In two weeks' time, hordes of developers, customers, media and analysts will descend on Oracle Open World. Until this morning, my thoughts centered on the extent to which Oracle will deliver the much promised Fusion Apps. More of that in another post. Instead my mind is turning to broader issues.
Larry Dignan picks up the WSJ story that Mark Hurd, recently ousted from the CEO role at HP, is in talks to join Oracle:
It’s unclear what exactly Hurd would do, but as I noted previously it would make sense to put the former HP chief in charge of Oracle’s hardware business and then make him CEO at some later date. In a nutshell, Oracle CEO Larry Ellison would have an instant succession plan.
Larry Dignan adds a slew of reasons why this makes sense for Oracle. Colleague Frank Scavo thinks it makes sense. I can't see it but then nothing would surprise me regarding Oracle.
Earlier in the year, speculation was rife that Oracle co-president Charles Phillips was about to bolt for the top slot at CA only to find that avenue blocked by unfortunate billboard adverts appearing in Times Square. All sorts of speculation emerged, not least that Ellison needed to keep Phillips to oversee the Sun integration albeit Safra Cataz, Phillips co-President oversaw the deal. A few days ago, CIO.com added more fuel to the notion of Phillips leaving, noting that he has dropped responsibilities for the global business units. While Oracle confirmed the change, it said:
...there was no truth to the "speculation" that Phillips is leaving.
In the same article, the author speculated that Hurd could fill Phillips shoes if the latter did make an exit.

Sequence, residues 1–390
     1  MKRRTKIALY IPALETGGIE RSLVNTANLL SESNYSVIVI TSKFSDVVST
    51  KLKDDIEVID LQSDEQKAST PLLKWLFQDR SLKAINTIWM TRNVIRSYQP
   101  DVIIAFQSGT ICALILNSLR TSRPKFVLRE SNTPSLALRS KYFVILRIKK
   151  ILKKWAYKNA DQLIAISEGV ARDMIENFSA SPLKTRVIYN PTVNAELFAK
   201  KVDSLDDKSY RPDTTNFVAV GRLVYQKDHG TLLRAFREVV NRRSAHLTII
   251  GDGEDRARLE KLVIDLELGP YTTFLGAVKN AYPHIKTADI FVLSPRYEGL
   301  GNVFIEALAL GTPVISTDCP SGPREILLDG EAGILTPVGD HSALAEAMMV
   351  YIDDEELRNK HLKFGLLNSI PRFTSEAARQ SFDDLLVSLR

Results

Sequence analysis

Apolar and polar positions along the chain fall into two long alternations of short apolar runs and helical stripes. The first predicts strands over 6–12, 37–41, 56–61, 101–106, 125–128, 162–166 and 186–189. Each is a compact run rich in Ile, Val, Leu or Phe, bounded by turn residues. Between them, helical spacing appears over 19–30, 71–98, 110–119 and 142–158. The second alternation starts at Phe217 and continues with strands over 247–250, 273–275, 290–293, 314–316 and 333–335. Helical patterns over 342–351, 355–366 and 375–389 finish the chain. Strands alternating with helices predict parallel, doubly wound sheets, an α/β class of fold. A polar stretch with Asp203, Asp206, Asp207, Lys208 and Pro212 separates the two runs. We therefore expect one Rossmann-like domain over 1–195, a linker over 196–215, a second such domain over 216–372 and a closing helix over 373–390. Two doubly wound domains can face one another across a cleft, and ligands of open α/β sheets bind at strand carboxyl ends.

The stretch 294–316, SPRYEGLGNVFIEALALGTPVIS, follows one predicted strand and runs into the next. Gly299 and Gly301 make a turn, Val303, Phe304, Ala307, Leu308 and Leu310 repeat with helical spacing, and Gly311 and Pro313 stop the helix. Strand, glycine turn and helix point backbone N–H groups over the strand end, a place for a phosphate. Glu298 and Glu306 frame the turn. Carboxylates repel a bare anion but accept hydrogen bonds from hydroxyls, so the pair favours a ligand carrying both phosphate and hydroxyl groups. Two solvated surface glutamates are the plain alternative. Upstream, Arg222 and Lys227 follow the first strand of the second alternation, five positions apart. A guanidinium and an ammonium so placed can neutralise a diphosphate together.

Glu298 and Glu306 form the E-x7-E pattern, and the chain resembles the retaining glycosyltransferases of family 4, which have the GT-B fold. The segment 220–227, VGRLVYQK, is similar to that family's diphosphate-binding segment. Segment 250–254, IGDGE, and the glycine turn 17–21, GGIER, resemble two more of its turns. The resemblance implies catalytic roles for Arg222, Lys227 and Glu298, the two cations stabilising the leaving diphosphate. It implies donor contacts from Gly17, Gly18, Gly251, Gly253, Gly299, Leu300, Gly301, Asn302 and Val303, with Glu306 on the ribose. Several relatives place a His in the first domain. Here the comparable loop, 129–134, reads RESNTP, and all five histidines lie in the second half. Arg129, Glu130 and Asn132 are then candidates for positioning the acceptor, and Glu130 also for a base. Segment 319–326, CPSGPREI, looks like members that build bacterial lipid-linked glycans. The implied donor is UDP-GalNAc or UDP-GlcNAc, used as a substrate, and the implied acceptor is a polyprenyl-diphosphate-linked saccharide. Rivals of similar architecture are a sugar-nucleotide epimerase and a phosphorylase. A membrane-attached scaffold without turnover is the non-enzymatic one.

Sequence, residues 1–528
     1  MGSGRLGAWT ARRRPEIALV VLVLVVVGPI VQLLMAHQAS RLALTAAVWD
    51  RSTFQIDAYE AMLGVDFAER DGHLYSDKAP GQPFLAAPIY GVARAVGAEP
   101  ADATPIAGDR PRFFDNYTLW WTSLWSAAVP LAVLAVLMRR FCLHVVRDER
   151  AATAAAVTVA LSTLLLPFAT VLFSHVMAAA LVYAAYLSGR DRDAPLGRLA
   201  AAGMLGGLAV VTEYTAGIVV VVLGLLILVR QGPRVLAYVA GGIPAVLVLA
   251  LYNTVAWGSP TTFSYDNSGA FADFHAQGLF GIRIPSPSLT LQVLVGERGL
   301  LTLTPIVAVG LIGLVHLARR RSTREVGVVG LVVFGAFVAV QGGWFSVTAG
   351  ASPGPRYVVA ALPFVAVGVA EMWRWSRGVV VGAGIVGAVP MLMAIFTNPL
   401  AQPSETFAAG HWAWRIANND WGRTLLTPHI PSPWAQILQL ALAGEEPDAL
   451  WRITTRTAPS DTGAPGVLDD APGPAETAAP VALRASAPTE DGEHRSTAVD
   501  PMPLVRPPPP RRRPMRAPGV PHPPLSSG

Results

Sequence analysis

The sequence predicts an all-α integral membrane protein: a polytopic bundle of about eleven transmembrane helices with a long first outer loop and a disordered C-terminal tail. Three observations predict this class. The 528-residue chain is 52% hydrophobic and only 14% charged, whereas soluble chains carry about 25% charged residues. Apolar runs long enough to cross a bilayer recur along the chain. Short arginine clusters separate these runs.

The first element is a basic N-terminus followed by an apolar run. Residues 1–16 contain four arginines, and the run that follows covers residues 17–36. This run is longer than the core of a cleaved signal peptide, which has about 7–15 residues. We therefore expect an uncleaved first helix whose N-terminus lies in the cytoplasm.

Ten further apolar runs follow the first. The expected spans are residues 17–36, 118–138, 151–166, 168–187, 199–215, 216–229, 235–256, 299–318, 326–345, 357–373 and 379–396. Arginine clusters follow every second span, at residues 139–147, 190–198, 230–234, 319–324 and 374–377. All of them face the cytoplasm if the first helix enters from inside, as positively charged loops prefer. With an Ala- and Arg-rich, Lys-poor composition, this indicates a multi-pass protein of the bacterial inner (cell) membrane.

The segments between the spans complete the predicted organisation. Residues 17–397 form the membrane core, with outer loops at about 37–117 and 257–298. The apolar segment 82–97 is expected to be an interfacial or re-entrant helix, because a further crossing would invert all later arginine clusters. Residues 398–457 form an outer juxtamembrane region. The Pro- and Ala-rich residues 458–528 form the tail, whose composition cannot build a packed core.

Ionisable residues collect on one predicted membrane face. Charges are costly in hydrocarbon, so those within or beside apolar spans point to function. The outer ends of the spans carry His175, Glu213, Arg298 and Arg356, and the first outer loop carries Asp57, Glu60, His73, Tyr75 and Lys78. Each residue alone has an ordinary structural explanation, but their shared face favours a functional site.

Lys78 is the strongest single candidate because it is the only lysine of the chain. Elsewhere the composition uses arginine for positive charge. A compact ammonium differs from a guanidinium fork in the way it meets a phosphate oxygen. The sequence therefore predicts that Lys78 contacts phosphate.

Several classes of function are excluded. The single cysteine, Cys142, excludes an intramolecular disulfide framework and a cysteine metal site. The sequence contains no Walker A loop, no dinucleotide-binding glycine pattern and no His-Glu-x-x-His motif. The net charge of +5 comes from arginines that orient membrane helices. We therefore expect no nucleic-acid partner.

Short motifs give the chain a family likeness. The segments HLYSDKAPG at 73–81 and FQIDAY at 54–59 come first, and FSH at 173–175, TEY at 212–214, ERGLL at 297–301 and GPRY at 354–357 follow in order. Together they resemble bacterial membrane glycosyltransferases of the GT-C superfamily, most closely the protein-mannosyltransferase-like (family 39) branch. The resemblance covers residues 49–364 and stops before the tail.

As the rumor mill continues to turn other speculation emerged that Safra Catz might take the HP top spot. I don't see that either. Does HP need more accounting? Again, nothing is impossible. Yesterday, Barrons thought that Hurd's appointment (albeit they see him in the CEO role now) would send Catz out the door:
The rubs are that Ellison hasn't indicated any desire to step aside and that he has an able successor in place: co-president Safra Katz. Cowen managing director Peter Goldmacher thinks that it's unlikely that Hurd will join Oracle because that would cause Katz to leave—something, Goldmacher surmises, that Ellison wouldn't want. "Safra and Mark are both proven technology executives. Safra has done an excellent job at Oracle, and there's no reason in upsetting the current order by bringing in Mark Hurd," Goldmacher posits.
Confused? You should be! But that's not the end of it.
In a companion piece to Larry Dignan's original speculation about a Hurd placement at Oracle, Jason Hiner noted that Hurd's employee approval ratings while at HP were awful. Ellison on the other hand enjoyed 78% employee approval ratings. My view at the time was that discontent among HP employees was the real reason behind Hurd's departure. Would Ellison be prepared to take the risk of history repeating itself?
And then we have OOW. Ann Livermore, EVP HP enterprise business is slated to keynote during the opening session which includes Ellison and Catz, If Hurd joins then what happens to that arrangement? Whatever happens, the run-up to OOW has taken on a fresh frisson. I was thinking that Oracle runs the risk of disappointing customers with relatively limited Fusion releases. Now it could easily divert attention by announcing some spectacular changes to the top bench. Add-in more speculation about potential Oracle acquisitions and you have the making of a regular Wall Street pot boiler.
Hang on, we're not done. Jeff Nolan says:
Hurd is in talks with Oracle, and from what I hear Chuck Phillips is on his way to HP… really, can’t make this stuff up.
So whomever is speculating about Catz is wrong? Or is it all wild speculation anyway given Oracle has been careful to manage expectations around any potential Hurd appointment? Those of us in the cheap seats will have to wait see. I'm going to take a chill pill in the hope it will stop my head spinning.